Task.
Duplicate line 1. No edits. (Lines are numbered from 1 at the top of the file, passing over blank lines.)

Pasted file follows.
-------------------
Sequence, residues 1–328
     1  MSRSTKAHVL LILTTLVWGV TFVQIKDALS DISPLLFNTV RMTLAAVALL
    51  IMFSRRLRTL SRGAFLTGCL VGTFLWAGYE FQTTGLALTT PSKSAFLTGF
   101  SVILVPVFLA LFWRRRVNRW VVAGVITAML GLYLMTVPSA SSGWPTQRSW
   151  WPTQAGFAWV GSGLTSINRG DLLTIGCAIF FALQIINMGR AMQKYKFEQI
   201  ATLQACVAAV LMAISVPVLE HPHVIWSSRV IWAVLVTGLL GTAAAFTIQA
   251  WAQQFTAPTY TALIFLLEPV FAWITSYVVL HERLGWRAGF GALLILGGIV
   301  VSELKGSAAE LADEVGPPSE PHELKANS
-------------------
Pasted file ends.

Sequence, residues 1–328